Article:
Among the many fascinating facts about dogs one that is truly amazing is the way the shoulders of a dog are structured. It is thanks to the way the dog’s shoulders are designed that dogs are able to romp around with great stride length and flexibility. On top of walking on their toes, dogs have a special shoulder design that plays a major role in canine locomotion making them the amazing runners they are. So today’s we’ll be discovering how dog’s shoulders are designed compared to us, and what makes them truly remarkable.
When we look at the anatomy of the human shoulder, we notice that it is composed of three bones: the collarbone (clavicle), the shoulder blade (scapula) and the upper arm bone (humerus).
It is thanks to these three bones and their associated muscles, ligaments and tendons, that we are able to lift, push, pull and swing our arms. The fact that the shoulder is the most mobile joint in the human body is a double-edged sword considering that this mobility is also what makes us more prone to dislocations. Now you know why it seems like baseball players get so many shoulder injuries!
The collarbone, is the only horizontal bone in our body. See the red bones in the picture? It’s that thin, long bone that’s located at the base of the neck and that’s highly visible in thin people as the lack of fat causes a visible bulge in the skin. This is because, unlike most bones that are covered with muscles, this bone is only covered by skin.
As seen in the picture, we have two clavicles, one per side in each shoulder. They are both responsible for connecting our right and left arms to the trunk of our body.
Dogs being a cursorial species, don’t have a need to lift, push or pull objects or swing their arms as we do, so their shoulder design is for the most part crafted for what predators need the most: speed and agility.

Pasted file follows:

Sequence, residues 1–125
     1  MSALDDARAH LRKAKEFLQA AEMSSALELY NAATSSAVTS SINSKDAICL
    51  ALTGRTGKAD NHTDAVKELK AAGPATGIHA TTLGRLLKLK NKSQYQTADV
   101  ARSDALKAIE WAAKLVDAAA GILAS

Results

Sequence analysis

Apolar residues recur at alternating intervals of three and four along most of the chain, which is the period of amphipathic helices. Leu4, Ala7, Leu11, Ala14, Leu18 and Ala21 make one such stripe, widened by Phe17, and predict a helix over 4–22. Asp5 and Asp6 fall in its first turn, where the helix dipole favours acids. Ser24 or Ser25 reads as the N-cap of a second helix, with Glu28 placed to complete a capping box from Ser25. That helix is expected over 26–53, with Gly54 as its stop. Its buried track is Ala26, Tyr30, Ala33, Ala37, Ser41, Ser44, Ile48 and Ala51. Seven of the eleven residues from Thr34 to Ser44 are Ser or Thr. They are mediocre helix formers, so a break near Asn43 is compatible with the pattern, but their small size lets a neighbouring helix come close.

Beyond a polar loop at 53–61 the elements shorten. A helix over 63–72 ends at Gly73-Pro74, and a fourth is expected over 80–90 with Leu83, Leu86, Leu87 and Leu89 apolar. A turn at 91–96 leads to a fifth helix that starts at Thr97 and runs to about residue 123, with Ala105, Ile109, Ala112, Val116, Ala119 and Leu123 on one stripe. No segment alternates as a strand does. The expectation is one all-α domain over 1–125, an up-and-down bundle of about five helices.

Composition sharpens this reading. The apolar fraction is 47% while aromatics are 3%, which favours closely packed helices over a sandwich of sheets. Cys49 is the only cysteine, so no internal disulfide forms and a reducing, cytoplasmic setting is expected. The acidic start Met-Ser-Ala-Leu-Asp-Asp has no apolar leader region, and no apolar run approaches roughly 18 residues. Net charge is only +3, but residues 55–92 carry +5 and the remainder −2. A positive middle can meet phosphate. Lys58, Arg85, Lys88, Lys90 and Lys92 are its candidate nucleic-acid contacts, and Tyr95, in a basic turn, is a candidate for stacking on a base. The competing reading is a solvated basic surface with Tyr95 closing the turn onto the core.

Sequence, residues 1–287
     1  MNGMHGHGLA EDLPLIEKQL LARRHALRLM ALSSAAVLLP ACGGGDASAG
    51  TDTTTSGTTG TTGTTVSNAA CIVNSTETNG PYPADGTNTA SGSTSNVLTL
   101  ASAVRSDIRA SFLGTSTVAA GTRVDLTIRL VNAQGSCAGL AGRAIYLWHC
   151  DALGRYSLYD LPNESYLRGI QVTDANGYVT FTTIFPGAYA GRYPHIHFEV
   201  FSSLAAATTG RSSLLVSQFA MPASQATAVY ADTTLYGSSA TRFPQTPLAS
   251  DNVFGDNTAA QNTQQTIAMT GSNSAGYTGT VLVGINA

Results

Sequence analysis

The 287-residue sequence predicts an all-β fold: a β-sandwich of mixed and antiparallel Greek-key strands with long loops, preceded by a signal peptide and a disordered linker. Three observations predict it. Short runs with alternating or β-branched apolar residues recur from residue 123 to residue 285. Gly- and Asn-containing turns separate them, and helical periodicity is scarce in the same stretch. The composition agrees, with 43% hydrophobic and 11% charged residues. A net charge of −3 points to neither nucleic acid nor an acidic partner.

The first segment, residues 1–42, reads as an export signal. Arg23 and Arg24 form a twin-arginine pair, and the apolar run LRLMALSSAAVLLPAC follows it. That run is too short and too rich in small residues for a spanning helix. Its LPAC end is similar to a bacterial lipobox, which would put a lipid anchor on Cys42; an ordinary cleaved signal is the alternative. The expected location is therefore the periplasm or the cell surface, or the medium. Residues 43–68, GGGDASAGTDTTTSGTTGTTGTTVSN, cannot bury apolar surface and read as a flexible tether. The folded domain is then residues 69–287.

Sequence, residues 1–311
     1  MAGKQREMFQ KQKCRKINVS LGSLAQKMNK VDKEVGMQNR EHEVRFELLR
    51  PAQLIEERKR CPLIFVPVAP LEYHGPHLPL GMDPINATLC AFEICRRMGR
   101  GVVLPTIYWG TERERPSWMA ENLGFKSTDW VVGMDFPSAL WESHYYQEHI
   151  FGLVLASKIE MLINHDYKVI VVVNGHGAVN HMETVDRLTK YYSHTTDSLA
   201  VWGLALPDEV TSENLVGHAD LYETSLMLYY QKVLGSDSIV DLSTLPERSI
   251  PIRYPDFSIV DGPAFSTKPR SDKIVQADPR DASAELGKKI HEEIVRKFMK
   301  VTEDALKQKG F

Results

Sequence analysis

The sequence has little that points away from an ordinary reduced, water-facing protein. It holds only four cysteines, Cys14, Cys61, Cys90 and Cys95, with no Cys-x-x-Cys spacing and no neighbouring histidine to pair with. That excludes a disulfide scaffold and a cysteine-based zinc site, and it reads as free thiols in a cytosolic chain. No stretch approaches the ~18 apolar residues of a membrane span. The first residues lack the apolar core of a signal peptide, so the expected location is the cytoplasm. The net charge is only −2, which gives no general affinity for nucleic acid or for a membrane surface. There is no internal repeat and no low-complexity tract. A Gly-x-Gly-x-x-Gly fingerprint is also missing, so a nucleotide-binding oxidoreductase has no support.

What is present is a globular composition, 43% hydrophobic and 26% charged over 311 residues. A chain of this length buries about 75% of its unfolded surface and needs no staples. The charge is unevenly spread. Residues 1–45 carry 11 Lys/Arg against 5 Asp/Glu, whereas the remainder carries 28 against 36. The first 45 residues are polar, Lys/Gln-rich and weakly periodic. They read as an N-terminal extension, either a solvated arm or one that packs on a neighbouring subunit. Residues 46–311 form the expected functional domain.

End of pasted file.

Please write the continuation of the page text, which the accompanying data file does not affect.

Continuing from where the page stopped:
Along with a dog’s spine which is capable of bending and stretching with every stride and the powerful hind legs providing forward propulsion, the dog’s shoulders are designed to increase stride length.
Unlike humans, the dog’s shoulders are somewhat disconnected from the rest of the skeleton, which is why many people refer to them as “floating shoulders.”
However, no body part really floats alone as a particle suspended in space. While the dog’s scapula is not attached to any bones at the top, there are several muscular and ligamentous attachments.
While humans have a collarbone connecting the arms to the trunk of the body, dogs have just a rudimentary collarbone that does not articulate with the rest of the skeleton. Darryl Millis and David Levine in the book “Canine Rehabilitation and Physical Therapy” mention that a dog’s collarbone is an oval plate that measures about one centimeter or less in length and 1/3 in centimeter wide.
This structure is mostly made of cartilage and it doesn’t appear in x-rays. Because of the lack of a fully developed collarbone, dogs are capable of a greater stride length so that they can run and leap, an evolutionary advantage that allowed them to be successful predators.
While your dog today is fed food in shiny bowls and no longer hunts for food, you surely have admired his fascinating locomotion as he chases and leaps up for the ball you just tossed!
Did you know? Just because your dog’s collarbone is rudimentary, doesn’t mean it’s useless! According to a study, the dog’s clavicle provides muscle stability and protects the nerves and blood vessels that supply the front legs.
- Canine Rehabilitation and Physical Therapy, by Darryl Millis, David Levine, Saunders; 2 edition (March 30, 2014)
- McCarthy, P.H. and Wood, A. K., Anatomic and radiologic observations of the clavicle of adult dogs, Am. J. Vet. Res. 49:956–959, 1988
- Wikipedia, Clavicle (shown in red), by Anatomography, CC BY-SA 2.1 jp
- Miller’s Guide to the Dissection of the Dog 4th Edition by